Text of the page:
Kingsberry said he was heading to Adams County, Mississippi, and it appears the military forwarded at least some information to authorities there. But county officials have no evidence that Kingsberry himself ever arrived.
What is known is that Kingsberry went to Cobb County, Georgia and did attempt to register there. In letters to the Army marked “urgent”, the Georgia Bureau of Investigation (GBI) sought details about the Kingsberry case, but says it never got a response. The Army declined to provide any information about its handling of the case.
Officials there didn’t give up. GBI’s director, Vernon Keenan, says they reached out to Adams County officials for details about Kingsberry’s conviction. County officials shared what they knew. Unfortunately, their file was incomplete. It showed Kingsberry’s conviction had been set aside, Keenan said. Missing was a military court’s later ruling upholding the original conviction. So Georgia decided Kingsberry didn’t need to register.
Keenan called such miscommunications and registry gaps “very dangerous.”
“The only information that we have came from the Mississippi authorities,” he said.
In the nearly 10 years since his release, Kingsberry hasn’t appeared on a sex offender registry anywhere in the country.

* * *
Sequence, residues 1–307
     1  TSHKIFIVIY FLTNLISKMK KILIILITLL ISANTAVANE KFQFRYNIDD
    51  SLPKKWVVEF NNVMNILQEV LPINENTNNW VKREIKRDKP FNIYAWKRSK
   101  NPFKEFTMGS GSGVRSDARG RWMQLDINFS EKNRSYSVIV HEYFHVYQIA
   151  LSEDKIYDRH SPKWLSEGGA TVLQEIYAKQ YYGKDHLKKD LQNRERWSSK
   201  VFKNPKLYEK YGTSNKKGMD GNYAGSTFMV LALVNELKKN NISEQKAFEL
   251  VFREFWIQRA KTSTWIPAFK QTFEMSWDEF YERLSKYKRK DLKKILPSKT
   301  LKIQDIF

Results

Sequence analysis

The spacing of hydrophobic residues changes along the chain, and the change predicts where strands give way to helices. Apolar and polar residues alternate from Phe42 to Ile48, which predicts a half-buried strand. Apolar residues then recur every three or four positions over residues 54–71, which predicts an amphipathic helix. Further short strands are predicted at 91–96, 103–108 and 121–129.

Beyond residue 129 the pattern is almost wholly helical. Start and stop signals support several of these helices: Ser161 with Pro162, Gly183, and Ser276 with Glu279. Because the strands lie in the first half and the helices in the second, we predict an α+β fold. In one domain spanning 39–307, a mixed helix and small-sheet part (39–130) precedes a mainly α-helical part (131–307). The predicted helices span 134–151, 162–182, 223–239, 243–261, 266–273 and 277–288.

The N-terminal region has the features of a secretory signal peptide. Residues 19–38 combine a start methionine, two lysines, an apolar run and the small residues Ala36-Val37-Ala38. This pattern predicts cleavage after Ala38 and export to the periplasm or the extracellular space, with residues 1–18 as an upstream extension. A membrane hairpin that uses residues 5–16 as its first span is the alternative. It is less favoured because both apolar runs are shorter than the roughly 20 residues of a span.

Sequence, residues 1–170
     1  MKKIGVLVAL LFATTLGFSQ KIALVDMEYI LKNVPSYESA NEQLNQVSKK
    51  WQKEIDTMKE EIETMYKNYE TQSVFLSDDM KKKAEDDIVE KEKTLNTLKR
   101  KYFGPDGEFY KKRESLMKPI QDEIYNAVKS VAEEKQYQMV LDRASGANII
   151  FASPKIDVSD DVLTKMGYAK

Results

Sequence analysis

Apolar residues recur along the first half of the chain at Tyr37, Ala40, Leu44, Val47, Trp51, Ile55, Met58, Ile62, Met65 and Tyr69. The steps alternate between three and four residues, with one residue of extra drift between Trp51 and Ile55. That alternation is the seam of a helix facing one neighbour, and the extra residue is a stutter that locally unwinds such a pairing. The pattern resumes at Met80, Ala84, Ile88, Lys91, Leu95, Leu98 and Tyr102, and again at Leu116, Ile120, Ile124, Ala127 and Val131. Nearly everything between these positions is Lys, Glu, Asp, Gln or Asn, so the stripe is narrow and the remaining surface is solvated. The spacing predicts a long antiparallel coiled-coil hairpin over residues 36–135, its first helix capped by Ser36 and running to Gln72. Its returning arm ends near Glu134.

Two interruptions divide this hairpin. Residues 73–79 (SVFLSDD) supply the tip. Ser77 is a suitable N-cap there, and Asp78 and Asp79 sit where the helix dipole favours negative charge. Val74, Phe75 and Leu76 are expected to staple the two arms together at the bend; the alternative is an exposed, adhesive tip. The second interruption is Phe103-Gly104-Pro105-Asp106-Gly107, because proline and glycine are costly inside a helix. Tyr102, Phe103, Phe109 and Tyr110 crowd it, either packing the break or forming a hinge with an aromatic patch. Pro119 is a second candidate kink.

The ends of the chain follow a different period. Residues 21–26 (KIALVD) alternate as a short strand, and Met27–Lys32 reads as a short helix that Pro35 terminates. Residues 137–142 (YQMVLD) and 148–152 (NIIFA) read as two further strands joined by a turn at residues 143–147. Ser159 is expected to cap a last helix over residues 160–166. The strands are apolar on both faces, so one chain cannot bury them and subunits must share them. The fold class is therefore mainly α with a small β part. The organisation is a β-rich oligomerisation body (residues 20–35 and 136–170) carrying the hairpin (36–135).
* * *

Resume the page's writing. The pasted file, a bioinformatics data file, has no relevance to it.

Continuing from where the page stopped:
“The public is interested in this, and they have a right to be,” Keenan said. “There is only one government website that has more citizen access and hits on it than our sex offender registry and that’s the winning numbers in the Georgia lottery.”
Meanwhile, Kingsberry hasn’t been entirely invisible to police. Public records show he appeared in court last month on a domestic violence charge, which is how Scripps learned he was in York County, South Carolina. When Scripps contacted the York sheriff about his case, authorities, who had been unaware he needed to register, tried to track down Kingsberry.
At his home, they were told he’d moved. Capt. Jerry Hoffman reached Kingsberry on his cell phone and in a brief exchange told him he must register in South Carolina. Kingsberry thanked him, said he was moving to Georgia and provided an address. When Georgia officials knocked on that door, he wasn’t there.
Hoffman phoned back, but said a frustrated Kingsberry wouldn’t say where he was.
“Our second conversation was simply not as cordial,” said Hoffman.
And for now -- with authorities in Mississippi, Georgia and South Carolina in pursuit -- Kingsberry seems to have disappeared again.